The Housekeeper and the Professor, by Yoko Ogawa

Cover ImageFinished 10-24-09, rating 4.5/5, fiction, pub. 2003 in Japanese & 2009 in English

In school, I had hated math so much that the mere sight of the textbook made me feel ill.  But the things the Professor taught me seemed to find their way effortlessly into my brain – not because I was an employee anxious to please her employer but because he was such a gifted teacher.  There was something profound in his love for math.  And it helped that he forgot what he’d taught me before, so I was free to repeat the same question until I understood.

Chapter 2

The mathematics Professor was in a car accident in 1975 and as a result he lost his short-term memory.  Every 80 minutes his brain resets and the only memories he has are the ones made before the crash.  He spends his days in a cottage on his sister-in-law’s property solving math problems for prize money.  To make it through he writes notes on scraps of paper and pins them to his suit jacket, which he wears every day.

The Housekeeper, a single mom, is hired to take care of him and the cottage during the day.  When she starts bringing her son, who the Professor nicknames Root, the three form a bond over math and baseball. 

This Japanese story is charming and original.  There are actual math problems in the book and not being a math lover myself (or maybe math doesn’t love me?) I was surprised at how I was drawn into the heartfelt story.  There was beauty in the simplicity of the writing and in the math.  I was rooting for these three who needed and loved each other.  There were even some nice surprises to be found along the way.

I highly recommend this one.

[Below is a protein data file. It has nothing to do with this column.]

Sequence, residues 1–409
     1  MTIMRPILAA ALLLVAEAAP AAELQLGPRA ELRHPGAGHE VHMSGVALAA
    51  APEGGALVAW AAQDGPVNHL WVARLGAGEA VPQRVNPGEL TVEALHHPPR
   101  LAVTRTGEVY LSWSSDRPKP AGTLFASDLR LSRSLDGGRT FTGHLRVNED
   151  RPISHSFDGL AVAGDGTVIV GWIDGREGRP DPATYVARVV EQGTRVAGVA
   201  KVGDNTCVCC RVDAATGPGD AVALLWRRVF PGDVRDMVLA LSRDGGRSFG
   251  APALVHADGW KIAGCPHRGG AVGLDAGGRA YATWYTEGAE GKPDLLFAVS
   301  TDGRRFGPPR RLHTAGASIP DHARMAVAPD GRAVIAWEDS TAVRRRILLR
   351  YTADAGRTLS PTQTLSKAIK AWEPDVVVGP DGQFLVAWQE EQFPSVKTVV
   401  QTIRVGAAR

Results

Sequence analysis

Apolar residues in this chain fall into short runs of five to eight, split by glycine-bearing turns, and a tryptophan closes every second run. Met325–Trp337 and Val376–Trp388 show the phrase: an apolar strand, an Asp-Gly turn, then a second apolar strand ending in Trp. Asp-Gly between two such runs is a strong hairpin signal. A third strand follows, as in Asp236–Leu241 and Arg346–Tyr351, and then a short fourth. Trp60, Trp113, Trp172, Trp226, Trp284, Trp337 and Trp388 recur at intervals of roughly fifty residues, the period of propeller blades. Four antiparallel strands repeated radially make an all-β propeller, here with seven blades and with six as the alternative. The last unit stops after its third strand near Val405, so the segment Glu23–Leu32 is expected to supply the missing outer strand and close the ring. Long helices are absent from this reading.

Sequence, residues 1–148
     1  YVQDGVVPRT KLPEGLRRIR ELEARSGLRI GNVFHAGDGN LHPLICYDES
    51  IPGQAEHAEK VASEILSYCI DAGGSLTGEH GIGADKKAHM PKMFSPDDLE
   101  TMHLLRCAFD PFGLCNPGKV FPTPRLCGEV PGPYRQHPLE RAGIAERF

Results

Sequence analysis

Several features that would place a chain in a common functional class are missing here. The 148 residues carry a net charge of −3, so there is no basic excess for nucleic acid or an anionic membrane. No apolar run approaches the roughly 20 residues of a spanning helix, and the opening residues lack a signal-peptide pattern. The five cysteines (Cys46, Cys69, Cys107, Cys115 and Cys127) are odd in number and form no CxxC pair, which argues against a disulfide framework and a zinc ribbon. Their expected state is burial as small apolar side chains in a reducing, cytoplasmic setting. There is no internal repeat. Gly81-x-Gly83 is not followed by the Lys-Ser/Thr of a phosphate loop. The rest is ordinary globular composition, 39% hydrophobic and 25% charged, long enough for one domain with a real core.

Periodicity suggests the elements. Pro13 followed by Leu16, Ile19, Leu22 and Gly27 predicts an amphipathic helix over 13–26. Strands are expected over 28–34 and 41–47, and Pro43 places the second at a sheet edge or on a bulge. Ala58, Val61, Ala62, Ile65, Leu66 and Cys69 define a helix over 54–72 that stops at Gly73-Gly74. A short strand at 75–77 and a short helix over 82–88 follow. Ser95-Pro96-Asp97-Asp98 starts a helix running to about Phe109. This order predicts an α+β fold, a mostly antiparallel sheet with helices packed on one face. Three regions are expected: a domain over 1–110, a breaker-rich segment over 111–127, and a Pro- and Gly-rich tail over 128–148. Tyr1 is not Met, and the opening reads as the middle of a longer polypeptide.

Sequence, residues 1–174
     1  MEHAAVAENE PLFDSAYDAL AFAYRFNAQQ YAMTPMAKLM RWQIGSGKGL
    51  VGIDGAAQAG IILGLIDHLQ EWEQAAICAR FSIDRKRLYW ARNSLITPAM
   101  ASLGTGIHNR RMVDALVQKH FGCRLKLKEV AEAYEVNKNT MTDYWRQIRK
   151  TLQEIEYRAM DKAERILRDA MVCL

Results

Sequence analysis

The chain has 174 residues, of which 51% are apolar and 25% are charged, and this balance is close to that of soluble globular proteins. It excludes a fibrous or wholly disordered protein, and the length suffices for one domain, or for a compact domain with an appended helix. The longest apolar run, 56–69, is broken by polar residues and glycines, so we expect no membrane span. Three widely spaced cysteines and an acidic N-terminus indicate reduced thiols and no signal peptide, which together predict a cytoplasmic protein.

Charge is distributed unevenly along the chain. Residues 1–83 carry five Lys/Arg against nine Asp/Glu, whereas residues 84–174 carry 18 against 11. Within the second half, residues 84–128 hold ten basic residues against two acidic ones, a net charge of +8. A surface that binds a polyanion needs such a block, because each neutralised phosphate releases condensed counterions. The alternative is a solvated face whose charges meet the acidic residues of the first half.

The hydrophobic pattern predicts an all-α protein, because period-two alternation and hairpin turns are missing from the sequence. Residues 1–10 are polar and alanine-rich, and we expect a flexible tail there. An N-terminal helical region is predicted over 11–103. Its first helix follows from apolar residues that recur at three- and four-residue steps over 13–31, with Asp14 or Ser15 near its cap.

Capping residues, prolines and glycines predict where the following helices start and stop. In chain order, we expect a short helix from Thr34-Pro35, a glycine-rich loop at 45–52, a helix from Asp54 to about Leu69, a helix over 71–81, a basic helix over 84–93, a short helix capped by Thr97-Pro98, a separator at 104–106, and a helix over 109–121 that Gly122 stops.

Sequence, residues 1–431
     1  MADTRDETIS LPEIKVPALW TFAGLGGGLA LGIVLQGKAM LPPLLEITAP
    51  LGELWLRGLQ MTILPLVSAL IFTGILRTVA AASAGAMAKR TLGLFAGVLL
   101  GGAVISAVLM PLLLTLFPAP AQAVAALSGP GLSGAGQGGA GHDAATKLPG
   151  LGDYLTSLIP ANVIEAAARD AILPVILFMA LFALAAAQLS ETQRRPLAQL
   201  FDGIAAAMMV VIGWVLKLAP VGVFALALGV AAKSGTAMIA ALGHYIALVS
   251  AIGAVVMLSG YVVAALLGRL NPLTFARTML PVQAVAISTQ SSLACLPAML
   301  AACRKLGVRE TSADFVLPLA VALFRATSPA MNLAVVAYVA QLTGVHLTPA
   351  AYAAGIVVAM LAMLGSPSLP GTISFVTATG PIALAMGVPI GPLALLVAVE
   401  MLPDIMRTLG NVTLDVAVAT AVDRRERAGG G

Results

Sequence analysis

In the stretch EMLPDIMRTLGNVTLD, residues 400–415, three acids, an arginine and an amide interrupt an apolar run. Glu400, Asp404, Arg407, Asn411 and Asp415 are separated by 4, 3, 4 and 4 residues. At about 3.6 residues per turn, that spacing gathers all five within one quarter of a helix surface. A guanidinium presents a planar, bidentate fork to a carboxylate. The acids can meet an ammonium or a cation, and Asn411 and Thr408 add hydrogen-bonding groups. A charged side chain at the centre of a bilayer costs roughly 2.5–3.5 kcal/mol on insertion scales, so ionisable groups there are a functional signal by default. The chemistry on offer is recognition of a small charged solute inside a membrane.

This was a library copy.

13 thoughts on “The Housekeeper and the Professor, by Yoko Ogawa

  1. Heather says:

    That reminds me of 50 First Dates with Drew Barrymore and Adam Sandler. well, just the short-term memory loss concept. This book really sounds like a great read! Nice review!

    When I described this book the first thing he said was, “Oh, like 50 First Dates.” But in all seriousness, not even close 🙂

  2. Thoughts of Joy says:

    I’m glad you enjoyed this one so much! I gave it a 4/5, and I love math. 🙂 I like your comment about “. . . maybe math doesn’t love me?” Cute.

    I wanna be liked, but math consisitently acts like I’m not even in the room.

  3. bermudaonion says:

    I was one of those weird kids who like math, so the fact that there’s math in the book makes it sound even better to me!

    I wish I liked math. It would make life a little easier!

  4. Bumbles says:

    Like a cross between Memento and Rainman – but not. If you liked it I bet I will too. Math doesn’t like me either. But baseball does.

    Hmm. Rainman had not occurred to me at all. I’ll have to think on that one.

  5. alitareads says:

    I was drawn to this book months and months ago while I was in a bookstore because of the beautiful cover, but since then it’s become buried in my to-read list. Thanks for reminding me that I need to read it!

    I love the cover too.

  6. fleurfisher says:

    This is still on my libray pile and I’m looking forward to it all the more now. I have always loved maths – as we call it this side of the Atlantic!

    maths. I’ve heard people call it that over here too, but it’s only correct if you are saying it with a British accent 🙂

  7. Dawn says:

    I want to read this book! My ‘old’ book group (that I moved away from 2 years ago) just discussed it. I try to keep up with what they’re reading, but I fell behind on this one. Great review, Stacy … you’ve got me to put it on my wish list.

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